All the alleged crimes occurred under her coalition government, which won a 2011 election but suffered when a Constitutional Court ousted her in 2014. Two weeks later, in May 2014, the military staged a bloodless coup against her remaining administration.
Analysts are divided on the likely implications and upshots of the highly anticipated verdict.
“If Yingluck is ruled completely innocent, the 2014 coup would lose any presumed legitimacy and in fact delegitimize the military’s continuing hold over Thailand because the military’s rationale for seizing power would weaken and fall,” Paul Chambers, a lecturer in Southeast Asian studies at Thailand’s Naresuan University, said in an interview.
“If the court rules against Yingluck and she goes to prison, Thailand will likely become more staunchly divided with Yingluck’s sympathizers seeing her as a true martyr, and her opponents rejoicing. Such civilian divisions will assist a more united military to persist in power,” Chambers said.
“There is corruption during the implementation of the rice-pledging [subsidy] policy, but it is not entirely her fault,” Titipol Phakdeewanich, dean of Ubon Ratchathani University’s political science department, said in an interview.
“I think the case is too politicized…the corruption against the rice-pledging [subsidy] policy should be charged against those who are corrupt, not against policy makers,” he said
“An acquittal would be a big embarrassment for Prayuth,” said Michael Nelson, who teaches in Ubon Ratchathani University’s political science department.
If Yingluck does walk free, her problems are not over, however.
“An acquittal would remove one of the major rhetorical points against Yingluck, but in the immediate term it would have little impact on the military government’s control over the country or rationale for it,” Sam Zarifi, Geneva-based secretary general of the International Commission of Jurists (ICJ), said in an interview.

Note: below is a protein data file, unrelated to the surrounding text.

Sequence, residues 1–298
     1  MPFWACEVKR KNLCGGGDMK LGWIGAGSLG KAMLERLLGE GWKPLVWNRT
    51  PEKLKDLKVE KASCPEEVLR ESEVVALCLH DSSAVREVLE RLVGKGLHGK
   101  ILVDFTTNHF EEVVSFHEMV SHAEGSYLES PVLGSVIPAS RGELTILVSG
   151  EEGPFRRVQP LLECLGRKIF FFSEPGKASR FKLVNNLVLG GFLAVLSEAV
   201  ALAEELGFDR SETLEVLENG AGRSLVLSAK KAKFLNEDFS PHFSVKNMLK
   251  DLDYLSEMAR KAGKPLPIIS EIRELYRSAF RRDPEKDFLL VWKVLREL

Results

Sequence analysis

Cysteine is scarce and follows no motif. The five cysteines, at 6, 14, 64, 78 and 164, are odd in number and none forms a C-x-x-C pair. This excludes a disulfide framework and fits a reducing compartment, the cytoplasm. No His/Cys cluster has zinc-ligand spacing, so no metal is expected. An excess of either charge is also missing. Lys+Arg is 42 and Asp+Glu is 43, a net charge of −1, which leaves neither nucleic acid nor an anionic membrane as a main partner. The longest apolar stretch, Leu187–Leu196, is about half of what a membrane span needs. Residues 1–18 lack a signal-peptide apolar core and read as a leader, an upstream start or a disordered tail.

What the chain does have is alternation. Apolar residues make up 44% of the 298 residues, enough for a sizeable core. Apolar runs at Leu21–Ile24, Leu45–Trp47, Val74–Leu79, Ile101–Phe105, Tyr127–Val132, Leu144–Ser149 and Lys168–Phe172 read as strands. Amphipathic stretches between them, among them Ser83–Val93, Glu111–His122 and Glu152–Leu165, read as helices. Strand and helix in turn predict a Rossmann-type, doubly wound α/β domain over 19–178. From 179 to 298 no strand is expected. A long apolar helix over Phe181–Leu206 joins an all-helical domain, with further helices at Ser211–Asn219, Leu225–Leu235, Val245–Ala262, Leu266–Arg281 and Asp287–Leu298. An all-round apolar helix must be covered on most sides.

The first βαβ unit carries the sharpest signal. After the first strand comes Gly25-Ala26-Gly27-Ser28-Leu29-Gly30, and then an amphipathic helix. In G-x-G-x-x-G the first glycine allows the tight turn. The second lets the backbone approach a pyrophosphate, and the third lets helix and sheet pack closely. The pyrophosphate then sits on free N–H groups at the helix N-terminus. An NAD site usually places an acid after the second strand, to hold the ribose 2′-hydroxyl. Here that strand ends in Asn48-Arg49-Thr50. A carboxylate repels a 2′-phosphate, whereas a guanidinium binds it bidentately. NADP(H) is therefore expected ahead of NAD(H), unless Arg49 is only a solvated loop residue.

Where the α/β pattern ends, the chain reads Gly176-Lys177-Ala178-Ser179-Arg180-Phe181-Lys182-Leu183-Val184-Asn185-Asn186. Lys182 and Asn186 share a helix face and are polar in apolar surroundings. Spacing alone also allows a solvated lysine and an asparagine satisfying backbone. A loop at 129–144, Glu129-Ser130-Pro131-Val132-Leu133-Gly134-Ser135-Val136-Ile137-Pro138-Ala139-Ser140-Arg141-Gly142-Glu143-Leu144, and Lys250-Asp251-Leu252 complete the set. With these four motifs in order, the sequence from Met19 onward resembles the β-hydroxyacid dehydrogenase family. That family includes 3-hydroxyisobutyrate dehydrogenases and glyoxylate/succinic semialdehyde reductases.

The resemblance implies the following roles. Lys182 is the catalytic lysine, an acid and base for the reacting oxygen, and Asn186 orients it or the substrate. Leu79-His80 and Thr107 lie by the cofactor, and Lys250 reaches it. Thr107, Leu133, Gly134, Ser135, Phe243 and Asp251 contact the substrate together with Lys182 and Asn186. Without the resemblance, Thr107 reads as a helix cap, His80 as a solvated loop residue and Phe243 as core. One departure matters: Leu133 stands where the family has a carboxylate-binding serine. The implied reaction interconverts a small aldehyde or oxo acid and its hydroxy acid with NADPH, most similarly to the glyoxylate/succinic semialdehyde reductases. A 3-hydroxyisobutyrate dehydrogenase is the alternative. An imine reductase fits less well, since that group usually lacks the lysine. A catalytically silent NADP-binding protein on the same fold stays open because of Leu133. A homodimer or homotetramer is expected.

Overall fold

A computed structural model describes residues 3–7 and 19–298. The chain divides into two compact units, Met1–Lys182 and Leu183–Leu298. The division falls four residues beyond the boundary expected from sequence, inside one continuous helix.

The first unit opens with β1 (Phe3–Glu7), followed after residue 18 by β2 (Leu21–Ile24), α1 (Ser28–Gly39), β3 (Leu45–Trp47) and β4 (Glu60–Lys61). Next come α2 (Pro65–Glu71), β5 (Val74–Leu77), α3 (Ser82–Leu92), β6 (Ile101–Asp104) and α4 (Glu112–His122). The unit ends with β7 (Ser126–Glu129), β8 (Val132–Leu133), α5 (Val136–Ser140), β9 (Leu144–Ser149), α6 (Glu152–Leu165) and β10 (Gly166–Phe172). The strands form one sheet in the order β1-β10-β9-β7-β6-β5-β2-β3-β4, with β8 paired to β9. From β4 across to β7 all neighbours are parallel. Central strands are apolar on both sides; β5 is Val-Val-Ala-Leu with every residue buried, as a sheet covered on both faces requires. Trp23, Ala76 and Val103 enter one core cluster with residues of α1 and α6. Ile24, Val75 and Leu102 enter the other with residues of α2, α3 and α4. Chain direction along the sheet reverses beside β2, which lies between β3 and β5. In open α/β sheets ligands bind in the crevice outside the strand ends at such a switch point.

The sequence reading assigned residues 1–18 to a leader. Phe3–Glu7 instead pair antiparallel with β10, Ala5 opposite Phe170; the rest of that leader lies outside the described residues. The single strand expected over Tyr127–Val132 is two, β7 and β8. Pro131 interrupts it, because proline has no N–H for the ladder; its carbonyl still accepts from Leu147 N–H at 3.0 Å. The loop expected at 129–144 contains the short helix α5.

“The most significant point about an acquittal — if followed by winning the civil liability [compensation] suit also filed against her — would be to unfreeze her considerable assets, which could then potentially be brought to bear in future political campaigns,” Zarifi said.
Prayuth and his junta appear determined to stifle any political comeback for Yingluck and her influential older brother, Thaksin Shinawatra, who was premier from 2001 to 2006 before being toppled in a September 2006 military coup. Thaksin lives in self-exile dodging a two-year prison sentence for corruption committed during his administration.
While Prayuth enjoys widespread support in Bangkok, the country’s south and among royalists, the military, and many wealthy and middle-class Thais, many analysts believe the Shinawatra-backed Peua Thai party would win any free and fair election. Prayuth has committed to hold new polls in 2018.
The Shinawatra siblings are backed by competing elites, but also rural constituencies in the country’s populous north and northeast that benefited from their governments’ easy loans, inexpensive health care and other populist handouts.
On both sides, “these are very powerful elites fighting for tremendous power and wealth, with the rights of the vast majority of Thais invoked only when politically expedient,” Zarifi said.
Richard S. Ehrlich is a Bangkok-based journalist reporting news from Asia since 1978